Search Results for: flush dirty page

InnoDB adaptive flushing in MySQL 5.6: checkpoint age and io capacity

In MySQL 5.6 InnoDB has a dedicated thread (page_cleaner) that’s responsible for performing flushing operations. Page_cleaner performs flushing of the dirty pages from the buffer pool based on two factors: – access pattern  –  the least recently used pages will be flushed by LRU flusher from LRU_list when buffer pool has no free pages anymore; […]

Adaptive flushing in MySQL 5.6

As you may know, flushing in MySQL is an area of my interest, I wrote about it several times, i.e. http://www.percona.com/blog/2011/09/18/disaster-mysql-5-5-flushing/ http://www.percona.com/blog/2011/03/31/innodb-flushing-a-lot-of-memory-and-slow-disk/ http://www.percona.com/blog/2011/01/03/mysql-5-5-8-in-search-of-stability/ In MySQL 5.6 there was implemented a new flushing logic, so I decided to check what do we have now.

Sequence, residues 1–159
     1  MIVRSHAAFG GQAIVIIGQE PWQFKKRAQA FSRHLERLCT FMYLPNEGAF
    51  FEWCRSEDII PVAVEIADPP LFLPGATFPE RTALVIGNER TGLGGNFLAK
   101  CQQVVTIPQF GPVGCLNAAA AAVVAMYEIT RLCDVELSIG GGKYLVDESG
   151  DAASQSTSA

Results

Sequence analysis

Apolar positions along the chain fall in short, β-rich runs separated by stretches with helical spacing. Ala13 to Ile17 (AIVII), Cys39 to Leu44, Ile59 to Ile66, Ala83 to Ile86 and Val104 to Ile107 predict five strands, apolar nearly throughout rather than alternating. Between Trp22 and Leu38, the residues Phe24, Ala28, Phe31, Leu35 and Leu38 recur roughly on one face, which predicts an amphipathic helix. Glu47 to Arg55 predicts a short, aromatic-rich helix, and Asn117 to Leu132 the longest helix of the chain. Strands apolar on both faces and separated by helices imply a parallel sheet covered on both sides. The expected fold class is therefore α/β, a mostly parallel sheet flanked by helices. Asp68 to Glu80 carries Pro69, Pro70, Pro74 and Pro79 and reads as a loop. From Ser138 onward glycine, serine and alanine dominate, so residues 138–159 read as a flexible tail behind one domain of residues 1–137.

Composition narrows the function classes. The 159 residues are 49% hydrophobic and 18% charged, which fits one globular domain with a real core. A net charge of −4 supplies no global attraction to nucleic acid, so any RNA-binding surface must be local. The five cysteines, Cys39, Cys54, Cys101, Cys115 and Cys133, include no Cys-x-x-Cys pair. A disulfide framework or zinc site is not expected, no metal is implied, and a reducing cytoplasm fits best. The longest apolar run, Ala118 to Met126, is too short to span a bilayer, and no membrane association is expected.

Disaster: MySQL 5.5 Flushing

We raised topic of problems with flushing in InnoDB several times, some links: InnoDB Flushing theory and solutions MySQL 5.5.8 in search of stability This was not often recurring problem so far, however in my recent experiments, I observe it in very simple sysbench workload on hardware which can be considered as typical nowadays.

Different flavors of InnoDB flushing

In my recent benchmarks, such as this one about the Virident TachIon card, I used different values for innodb_buffer_pool_size, like 13GB, 52GB, and 144GB, for testing the tpcc-mysql database with size 100G. This was needed in order to test different memory/dataset size ratios. But why is it important, and how does it affect how InnoDB works […]

How Innodb flushes data to the disk ?

In my previous post I was a bit wrong giving Innodb some properties it does not have. In fact Innodb does not currently sort pages in their position order flushing them to disk. Pages to be flushed are instead identified by other means – LRU and pages which contain oldest LSN (so which were flushed […]

MySQL benchmarking: Know your baseline variance!

Often enough I find MySQL benchmark results where the difference between results is 1% or even less and some conclusions are drawn. Now it is not that 1% is not important – especially when you’re developing the product you should care about those 1% improvements or regressions because they tend to add up. However with […]